permissions, the umask settimg is a hack to make them work in Linux)

  18. Re: Still can't network Linux and Windows


    "Kari Hurtta" wrote in message
    news:5dk689ccnj.fsf@attruh.keh.iki.fi...
    > "LeIand C. Scott" writes in comp.protocols.smb:
    >
    >> "Bruce Coryell" wrote in message
    >> news:44758e70$0$3695$1e6826b@news.chesco.com...
    >> > Vlad_Inhaler wrote:
    >> >> That is rather surprising (at least to me) - that setting allows XP
    >> >> clients to join a Samba *Domain* server and you do not appear to have
    >> >> the settings for a Domain Server. Whatever, apparently a Domain
    >> >> Server
    >> >> is the way to go for larger networks.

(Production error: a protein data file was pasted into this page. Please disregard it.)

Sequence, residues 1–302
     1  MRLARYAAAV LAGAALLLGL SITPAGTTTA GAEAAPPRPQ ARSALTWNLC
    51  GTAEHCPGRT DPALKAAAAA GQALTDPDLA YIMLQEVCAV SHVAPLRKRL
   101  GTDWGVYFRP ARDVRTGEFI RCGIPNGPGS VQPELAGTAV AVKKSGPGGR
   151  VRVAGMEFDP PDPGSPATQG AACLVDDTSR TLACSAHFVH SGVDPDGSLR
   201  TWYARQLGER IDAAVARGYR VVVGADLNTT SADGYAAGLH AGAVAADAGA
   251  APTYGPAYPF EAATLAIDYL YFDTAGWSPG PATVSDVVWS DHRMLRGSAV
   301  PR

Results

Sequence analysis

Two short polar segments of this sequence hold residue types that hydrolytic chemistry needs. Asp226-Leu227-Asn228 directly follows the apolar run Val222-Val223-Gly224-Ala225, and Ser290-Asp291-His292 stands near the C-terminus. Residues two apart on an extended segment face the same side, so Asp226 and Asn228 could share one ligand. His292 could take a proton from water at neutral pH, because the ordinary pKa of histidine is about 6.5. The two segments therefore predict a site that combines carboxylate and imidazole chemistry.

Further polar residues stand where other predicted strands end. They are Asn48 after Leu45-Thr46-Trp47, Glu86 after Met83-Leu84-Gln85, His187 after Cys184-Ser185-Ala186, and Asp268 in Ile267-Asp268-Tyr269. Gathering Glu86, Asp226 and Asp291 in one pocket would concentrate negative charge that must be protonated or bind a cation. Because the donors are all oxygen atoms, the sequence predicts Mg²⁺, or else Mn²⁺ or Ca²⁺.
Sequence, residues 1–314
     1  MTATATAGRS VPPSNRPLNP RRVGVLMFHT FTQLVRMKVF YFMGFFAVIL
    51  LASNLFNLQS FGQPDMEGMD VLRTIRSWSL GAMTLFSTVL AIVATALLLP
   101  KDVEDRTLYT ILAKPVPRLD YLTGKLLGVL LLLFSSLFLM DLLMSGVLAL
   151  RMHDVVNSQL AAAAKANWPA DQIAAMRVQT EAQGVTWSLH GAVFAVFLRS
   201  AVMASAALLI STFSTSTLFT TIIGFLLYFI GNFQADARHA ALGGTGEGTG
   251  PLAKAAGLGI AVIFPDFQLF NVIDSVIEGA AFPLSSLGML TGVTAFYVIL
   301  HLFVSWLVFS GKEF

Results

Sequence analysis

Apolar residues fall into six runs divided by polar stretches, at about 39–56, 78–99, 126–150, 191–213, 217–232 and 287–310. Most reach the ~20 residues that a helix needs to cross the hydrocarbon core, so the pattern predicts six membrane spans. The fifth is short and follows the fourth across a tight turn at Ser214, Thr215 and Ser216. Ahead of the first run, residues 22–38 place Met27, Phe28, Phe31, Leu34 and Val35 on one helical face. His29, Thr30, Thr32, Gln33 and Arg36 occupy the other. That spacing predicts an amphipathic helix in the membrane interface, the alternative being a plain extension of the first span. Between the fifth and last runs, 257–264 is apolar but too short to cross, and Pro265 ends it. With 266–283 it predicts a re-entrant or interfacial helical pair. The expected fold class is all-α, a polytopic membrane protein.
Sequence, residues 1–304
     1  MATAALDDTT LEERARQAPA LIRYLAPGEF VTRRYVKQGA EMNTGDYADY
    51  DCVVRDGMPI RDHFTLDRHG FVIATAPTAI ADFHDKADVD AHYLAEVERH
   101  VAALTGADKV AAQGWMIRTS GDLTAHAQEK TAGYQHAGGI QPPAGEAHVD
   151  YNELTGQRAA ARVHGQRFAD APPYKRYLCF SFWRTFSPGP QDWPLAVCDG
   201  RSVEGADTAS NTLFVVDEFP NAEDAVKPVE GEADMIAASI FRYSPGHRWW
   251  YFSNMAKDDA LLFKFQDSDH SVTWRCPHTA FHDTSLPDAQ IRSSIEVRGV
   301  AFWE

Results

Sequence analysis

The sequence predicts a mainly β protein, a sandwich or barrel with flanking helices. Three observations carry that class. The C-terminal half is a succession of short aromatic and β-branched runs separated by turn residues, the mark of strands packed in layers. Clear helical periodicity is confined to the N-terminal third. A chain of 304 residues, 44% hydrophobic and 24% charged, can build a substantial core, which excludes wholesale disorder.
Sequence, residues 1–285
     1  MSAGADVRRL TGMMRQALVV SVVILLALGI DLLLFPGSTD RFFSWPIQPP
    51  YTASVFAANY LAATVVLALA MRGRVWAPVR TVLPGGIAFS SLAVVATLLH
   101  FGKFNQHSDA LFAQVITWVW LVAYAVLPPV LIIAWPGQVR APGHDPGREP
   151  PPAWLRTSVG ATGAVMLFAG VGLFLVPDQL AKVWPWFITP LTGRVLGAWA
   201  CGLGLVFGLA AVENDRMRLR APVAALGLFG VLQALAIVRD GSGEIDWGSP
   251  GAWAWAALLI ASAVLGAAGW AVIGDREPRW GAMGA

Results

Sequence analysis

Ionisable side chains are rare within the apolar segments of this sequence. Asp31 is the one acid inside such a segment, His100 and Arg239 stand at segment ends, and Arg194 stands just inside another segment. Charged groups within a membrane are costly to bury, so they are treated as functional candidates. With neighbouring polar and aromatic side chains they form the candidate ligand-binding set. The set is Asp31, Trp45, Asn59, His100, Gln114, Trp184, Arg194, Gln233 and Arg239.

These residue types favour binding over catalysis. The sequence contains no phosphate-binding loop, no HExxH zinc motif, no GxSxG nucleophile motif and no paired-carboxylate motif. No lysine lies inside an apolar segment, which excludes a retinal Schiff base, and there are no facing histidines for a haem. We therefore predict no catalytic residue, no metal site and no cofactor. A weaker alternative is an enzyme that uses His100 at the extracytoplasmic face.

>> >>
    >> >
    >> > No, my intention is to run it as a workgroup, not domain, but this did
    >> > the
    >> > trick.
    >> >
    >> > However, now I'm seeing that I can't write to the Linux shares from the
    >> > Windows box, can only read them, and just changing the Linux
    >> > permissions
    >> > (via chmod) does NOT solve this...the saga is not over yet!

    >>
    >> I thought that chmod only changes the file permissions for users logged
    >> directly in to the machine. File and printer sharing has to be setup
    >> using
    >> Samba if you want access using that method. Samba has it's own
    >> permissions
    >> you have to setup independent of the OS. On my system, FC3, I had to set
    >> the

    > =======================================
    >
    > No.
    >
    > http://us4.samba.org/samba/docs/man/...html#id2579902
    > quote:
    >
    > | All access to UNIX/Linux system files via Samba is controlled by the
    > | operating system file access controls. When trying to figure out file